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Macular Degeneration

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Macular degeneration is usually related to aging and is therefore called Age Related Macular Degeneration (ARMD or AMD). AMD is caused by a hardening of the arteries that restricts the amount of oxygen the retina receives. Most patients with AMD begin to notice problems with vision after age 50 and it is thought to be hereditary.

AMD begins with the appearance of yellowish spots under the retina called drusen. These spots usually have no effect on vision by themselves. While most people with drusen never have a substantial loss of vision or develop AMD, those that do usually begin to lose vision in just one eye. Later, the other eye may be affected as well.

When vision is lost in an eye, it may never be detected by the patient because the good vision in the other eye helps to compensate for the lost vision. AMD affects the central vision (called the macula). Central vision is used to see details (like reading, threading a needle, driving). Only when AMD affects both eye does it become challenging to do tasks requiring detailed vision (such as reading or driving). Because AMD threatens central vision, it is important to monitor changes in vision on a daily basis, especially if the doctor has told you that you have drusen or early macular degeneration.

A person with advanced AMD who has lost the ability to see detail with each eye rarely loses peripheral vision and can learn to function quite well. It is rare for a person with AMD to lose both central vision and peripheral vision.

AMD is generally classified as either “dry” (non-neovascular) or “wet” (neovascular). All patients with AMD begin as the “dry” form of the disease and then approximately 10% of patients who have macular degeneration develop “wet” AMD. In patients with “wet” AMD, the body begins to grow new blood vessels under the retina (neovascularization). The problem is that these new blood vessels are fragile, leak and can cause damage to surrounding tissues. The “dry” form of AMD is more common and often less severe.

Patients with AMD or at risk for the disease should perform an Amsler grid test at home each day.

Signs and Symptoms

  • blurred vision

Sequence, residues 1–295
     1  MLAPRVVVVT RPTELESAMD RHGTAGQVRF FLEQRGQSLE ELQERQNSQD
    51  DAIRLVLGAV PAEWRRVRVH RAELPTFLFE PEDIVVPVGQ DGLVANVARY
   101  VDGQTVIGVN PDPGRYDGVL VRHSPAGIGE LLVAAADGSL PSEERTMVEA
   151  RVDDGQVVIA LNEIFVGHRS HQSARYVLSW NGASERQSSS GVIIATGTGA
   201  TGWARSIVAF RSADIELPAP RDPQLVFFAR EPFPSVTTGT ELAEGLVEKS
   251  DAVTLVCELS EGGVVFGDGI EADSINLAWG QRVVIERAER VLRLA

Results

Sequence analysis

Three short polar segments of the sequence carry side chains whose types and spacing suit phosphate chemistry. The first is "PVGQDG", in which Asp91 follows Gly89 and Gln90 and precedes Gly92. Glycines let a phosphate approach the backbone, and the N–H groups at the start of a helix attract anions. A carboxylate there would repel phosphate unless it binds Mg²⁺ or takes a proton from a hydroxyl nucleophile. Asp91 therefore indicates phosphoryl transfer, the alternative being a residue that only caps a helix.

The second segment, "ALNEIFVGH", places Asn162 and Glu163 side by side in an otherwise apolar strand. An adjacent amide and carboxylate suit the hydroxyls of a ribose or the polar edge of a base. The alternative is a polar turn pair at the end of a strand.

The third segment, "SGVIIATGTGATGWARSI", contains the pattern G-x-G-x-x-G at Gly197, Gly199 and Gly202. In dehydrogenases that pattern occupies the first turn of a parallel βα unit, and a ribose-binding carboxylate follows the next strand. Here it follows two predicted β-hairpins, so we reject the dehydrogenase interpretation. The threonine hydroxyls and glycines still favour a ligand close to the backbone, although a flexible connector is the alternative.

• distorted vision, straight lines look crooked
  • dark or gray spot in central vision
  • colors appear different in each eye
  • objects appear different sizes in each eye
  • difficulty performing tasks requiring detail vision


The doctor will perform a dilated fundus exam and most likely will also perfom a fluorescein angiogram to detect AMD and its severity. The doctor is looking for pigmented areas, leakage and other possible indications of AMD.


There is no proven effective form of laser treatment for “dry” AMD. For select “wet” AMD patients, laser therapy can be an effective treatment for sealing leaking blood vessels. While laser treatment usually does not restore lost vision, it can help prevent additional loss.

A recent study called AREDS (The Age Related Eye Disease Study) conducted by The National Eye Institute (NEI) has determined that the use of a specific combination of antioxidant vitamins reduces the risk of developing advanced stages of AMD by up to 25 percent. These high levels of antioxidants and zinc are the first effective treatment to slow the progression of AMD. The nutrients are not a cure for AMD, nor will they restore vision already lost from the disease. But they are playing a vital role in helping people at high risk for developing advanced AMD keep their vision. In the same study, the antioxidant and zinc combination showed no significant effect on the development or progression of cataracts.



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